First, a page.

The Norman Rockwell of Gay Art
Throughout his life, Darold Perkins has made a name for himself in several fields of artistry. Beginning with an art class in high school, Perkins frittered away his time not only with sketching and painting, but with music and drama as well.
The university days were followed by a stint in the US Army — during which he was accused of illicit relations with other men. Another gay man with whom he was barely acquainted got caught in the act. When the authorities questioned the man about who else was “queer,” he
speculated that Perkins might possibly be suspicious.
The lesser result of this speculation was a dishonorable discharge for the man — and everyone he named. The major result was Perkins’ freedom to buy a one-way ticket to New York City. The bored wife of the pianist happened to notice Perkins’ drawings. It occurred to her that this handsome young man with the beautiful voice might prove to actually be a cash cow, with the right guidance, and she became his agent.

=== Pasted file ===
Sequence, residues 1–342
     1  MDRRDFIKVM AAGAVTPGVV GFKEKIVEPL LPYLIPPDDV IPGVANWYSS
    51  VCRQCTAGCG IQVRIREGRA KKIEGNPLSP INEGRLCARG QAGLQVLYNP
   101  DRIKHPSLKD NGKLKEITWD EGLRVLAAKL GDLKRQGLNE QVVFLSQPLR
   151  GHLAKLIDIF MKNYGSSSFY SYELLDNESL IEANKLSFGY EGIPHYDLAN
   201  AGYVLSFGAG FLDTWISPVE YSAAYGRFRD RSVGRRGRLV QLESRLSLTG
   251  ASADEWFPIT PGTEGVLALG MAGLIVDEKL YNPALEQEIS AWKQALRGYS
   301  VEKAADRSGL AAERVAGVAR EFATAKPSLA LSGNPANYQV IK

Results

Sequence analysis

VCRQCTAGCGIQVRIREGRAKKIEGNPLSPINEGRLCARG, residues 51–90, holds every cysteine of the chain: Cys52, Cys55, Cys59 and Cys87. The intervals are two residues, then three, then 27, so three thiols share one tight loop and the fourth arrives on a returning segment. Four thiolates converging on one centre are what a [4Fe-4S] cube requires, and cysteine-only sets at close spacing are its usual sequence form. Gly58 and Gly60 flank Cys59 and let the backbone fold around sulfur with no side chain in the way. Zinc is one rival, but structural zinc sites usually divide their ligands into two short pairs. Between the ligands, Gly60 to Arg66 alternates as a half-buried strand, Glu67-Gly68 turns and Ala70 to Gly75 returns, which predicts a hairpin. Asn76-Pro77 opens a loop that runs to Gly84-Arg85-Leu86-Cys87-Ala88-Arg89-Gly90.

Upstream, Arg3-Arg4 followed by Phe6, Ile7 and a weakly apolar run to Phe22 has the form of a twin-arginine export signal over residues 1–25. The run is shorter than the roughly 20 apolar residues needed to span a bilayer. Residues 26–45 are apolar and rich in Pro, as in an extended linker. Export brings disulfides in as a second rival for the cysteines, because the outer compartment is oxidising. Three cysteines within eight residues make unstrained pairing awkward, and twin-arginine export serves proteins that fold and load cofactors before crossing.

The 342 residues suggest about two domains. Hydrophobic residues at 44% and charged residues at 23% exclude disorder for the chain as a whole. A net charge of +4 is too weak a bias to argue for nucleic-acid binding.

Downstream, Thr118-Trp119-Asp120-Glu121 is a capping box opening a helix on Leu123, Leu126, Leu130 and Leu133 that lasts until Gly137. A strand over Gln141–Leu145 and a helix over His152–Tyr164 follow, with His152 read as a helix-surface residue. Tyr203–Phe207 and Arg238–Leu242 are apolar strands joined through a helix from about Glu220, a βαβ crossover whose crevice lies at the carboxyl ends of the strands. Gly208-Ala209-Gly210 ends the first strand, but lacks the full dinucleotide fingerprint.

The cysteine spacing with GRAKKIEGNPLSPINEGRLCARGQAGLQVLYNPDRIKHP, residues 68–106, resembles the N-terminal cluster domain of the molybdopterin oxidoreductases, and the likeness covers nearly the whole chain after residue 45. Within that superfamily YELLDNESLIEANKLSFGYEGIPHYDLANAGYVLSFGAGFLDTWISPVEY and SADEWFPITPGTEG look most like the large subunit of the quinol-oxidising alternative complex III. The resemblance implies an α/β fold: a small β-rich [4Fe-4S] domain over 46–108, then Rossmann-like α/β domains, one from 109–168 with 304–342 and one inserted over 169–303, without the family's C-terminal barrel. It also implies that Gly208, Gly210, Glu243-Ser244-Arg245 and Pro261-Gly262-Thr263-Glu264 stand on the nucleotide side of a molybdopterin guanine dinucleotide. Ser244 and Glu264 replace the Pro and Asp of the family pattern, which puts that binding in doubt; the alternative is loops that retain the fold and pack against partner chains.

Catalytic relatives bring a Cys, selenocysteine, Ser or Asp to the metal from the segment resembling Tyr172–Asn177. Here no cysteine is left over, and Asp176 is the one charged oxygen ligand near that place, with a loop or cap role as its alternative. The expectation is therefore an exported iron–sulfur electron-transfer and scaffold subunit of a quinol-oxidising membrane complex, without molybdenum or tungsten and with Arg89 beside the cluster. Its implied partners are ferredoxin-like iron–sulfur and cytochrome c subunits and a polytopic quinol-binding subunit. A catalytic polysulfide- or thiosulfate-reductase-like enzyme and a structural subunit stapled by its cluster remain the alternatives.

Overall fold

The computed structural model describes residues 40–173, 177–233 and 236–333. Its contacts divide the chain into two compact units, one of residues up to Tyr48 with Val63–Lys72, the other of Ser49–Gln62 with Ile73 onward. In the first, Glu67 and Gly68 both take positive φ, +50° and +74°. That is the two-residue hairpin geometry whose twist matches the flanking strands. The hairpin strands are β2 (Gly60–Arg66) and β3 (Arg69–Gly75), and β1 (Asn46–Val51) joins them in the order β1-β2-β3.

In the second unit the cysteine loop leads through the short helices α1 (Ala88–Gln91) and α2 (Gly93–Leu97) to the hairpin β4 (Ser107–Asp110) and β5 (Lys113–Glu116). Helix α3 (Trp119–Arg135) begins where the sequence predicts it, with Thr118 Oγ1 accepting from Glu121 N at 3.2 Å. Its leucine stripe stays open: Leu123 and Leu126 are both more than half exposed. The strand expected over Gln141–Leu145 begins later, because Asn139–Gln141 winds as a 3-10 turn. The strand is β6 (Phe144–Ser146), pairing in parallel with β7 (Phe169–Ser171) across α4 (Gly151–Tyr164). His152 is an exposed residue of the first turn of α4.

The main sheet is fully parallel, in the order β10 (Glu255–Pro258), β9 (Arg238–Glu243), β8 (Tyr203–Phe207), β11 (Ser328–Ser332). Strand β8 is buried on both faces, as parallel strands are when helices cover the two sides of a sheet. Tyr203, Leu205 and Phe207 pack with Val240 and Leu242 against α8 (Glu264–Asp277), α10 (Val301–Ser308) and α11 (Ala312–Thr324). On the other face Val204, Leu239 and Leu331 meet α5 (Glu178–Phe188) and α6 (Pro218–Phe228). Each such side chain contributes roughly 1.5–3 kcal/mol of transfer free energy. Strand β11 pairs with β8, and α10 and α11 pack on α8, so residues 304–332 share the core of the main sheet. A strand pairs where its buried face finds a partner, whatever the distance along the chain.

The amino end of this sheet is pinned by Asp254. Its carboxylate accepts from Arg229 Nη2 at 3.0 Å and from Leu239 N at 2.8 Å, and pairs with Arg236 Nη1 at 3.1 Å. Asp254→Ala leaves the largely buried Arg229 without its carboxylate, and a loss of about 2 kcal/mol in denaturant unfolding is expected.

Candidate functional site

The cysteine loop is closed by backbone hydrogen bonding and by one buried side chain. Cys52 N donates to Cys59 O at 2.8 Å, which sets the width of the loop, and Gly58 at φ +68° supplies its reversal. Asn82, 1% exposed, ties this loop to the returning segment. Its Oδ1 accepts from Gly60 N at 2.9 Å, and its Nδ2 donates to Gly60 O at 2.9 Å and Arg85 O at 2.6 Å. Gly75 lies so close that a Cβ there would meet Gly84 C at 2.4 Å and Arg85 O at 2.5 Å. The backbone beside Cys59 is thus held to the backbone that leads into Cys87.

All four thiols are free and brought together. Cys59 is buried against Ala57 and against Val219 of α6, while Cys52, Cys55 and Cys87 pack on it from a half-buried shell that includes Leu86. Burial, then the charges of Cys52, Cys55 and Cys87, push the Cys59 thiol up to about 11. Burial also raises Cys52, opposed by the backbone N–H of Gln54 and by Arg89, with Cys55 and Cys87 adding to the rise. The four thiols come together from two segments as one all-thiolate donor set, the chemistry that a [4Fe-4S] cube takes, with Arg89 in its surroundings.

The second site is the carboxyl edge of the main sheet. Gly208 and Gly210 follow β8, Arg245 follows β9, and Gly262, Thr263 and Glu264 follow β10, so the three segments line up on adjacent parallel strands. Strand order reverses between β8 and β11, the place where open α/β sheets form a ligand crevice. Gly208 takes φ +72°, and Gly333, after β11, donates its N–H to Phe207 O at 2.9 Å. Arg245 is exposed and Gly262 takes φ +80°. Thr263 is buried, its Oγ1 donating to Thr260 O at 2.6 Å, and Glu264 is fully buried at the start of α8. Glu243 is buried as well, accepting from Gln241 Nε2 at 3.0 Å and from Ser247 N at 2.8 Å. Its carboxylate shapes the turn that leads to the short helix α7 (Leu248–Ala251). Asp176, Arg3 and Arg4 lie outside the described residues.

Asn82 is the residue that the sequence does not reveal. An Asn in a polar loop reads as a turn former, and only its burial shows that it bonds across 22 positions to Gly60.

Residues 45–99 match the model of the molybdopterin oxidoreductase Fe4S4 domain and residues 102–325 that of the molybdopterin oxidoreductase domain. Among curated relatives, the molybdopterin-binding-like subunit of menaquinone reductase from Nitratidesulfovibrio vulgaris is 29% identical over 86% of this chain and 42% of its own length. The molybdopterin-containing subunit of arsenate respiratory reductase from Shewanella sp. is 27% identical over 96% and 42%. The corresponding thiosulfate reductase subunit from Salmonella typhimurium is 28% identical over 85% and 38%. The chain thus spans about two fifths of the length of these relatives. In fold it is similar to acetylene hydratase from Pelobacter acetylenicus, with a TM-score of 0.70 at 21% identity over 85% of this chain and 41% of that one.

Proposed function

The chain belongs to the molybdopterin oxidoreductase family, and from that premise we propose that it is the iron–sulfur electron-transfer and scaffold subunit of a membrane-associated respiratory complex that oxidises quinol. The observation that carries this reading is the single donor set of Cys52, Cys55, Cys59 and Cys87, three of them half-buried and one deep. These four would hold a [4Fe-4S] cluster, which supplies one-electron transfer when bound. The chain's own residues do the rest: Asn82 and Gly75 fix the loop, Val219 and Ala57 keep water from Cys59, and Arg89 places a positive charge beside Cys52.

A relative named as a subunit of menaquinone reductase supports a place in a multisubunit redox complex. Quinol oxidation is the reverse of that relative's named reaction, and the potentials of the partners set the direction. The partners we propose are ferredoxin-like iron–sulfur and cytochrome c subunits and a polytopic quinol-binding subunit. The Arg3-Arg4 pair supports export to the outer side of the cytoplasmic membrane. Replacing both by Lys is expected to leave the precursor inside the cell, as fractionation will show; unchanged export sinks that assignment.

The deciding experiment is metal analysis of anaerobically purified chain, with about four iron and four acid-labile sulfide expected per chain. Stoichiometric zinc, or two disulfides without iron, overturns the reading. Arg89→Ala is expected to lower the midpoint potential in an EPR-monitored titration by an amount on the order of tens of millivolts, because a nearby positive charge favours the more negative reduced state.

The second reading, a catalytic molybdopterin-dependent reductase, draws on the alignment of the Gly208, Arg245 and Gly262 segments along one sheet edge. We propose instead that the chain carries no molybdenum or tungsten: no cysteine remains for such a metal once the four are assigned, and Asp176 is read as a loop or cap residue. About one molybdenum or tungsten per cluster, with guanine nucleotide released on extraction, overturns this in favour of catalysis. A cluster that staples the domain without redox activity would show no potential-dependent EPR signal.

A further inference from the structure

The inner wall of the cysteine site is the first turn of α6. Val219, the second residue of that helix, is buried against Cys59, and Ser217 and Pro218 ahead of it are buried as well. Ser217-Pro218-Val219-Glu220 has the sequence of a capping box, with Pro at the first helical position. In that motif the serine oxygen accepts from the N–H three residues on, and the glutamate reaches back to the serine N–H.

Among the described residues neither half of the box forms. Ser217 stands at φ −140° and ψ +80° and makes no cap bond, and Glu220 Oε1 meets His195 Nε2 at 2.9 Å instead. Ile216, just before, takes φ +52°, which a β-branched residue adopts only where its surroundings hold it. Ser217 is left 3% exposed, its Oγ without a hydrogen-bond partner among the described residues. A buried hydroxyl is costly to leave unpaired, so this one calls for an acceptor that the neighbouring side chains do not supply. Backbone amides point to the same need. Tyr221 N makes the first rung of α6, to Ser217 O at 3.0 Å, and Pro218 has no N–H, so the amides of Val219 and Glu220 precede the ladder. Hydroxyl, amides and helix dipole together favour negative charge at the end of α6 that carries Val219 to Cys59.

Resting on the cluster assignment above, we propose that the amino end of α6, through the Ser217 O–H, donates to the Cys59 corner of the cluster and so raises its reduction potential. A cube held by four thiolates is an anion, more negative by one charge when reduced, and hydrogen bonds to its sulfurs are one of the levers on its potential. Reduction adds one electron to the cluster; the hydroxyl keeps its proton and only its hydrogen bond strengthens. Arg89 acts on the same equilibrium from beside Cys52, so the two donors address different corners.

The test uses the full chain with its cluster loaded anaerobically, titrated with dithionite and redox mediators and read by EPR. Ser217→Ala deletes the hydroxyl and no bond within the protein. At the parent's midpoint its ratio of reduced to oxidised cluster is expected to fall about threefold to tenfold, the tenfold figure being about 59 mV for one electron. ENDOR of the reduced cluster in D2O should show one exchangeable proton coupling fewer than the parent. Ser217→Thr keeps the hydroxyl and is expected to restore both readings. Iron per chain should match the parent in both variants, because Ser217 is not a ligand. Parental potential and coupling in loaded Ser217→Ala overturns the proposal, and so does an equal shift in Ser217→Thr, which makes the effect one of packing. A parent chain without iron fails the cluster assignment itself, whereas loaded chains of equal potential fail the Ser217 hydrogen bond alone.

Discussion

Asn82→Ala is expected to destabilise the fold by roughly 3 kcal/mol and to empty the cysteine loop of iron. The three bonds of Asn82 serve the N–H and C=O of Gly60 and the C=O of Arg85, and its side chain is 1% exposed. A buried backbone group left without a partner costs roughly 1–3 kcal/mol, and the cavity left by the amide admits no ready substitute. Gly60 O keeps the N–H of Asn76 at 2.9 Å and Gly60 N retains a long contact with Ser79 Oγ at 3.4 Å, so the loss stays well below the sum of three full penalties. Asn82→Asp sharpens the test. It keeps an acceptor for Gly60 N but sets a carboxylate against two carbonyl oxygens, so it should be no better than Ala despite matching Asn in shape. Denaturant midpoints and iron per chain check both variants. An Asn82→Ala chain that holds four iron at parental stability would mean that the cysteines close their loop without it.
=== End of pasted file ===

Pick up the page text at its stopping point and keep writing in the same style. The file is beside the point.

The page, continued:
Perkins enrolled at New York’s Traphagen School of Fashion Design, but soon thereafter was called into a conference with the instructor to discuss the drawing assignments. “Go home,” the teacher told him. “I can see already that I can’t teach you anything that you don’t already know.”
Perkins’ paintings are not the standard classical renderings of themes such as “nude holding a spear;” nor are they pornographic. When he paints, he intends to deliver an idea that surrounds the image of the characters in the picture. He prefers humorous ideas and subjects with personalities. In fact, Perkins has been called the Norman Rockwell of gay art by a number of contemporaries.
Perkins would like to create for the gay community another bit of tangible culture. These lasting objects of work and art that display the essence of a culture’s existence are too rare in the gay culture. Besides enjoying painting attractive figures engaged in interesting pursuits, Perkins also wants to contribute to and support gay art and culture.
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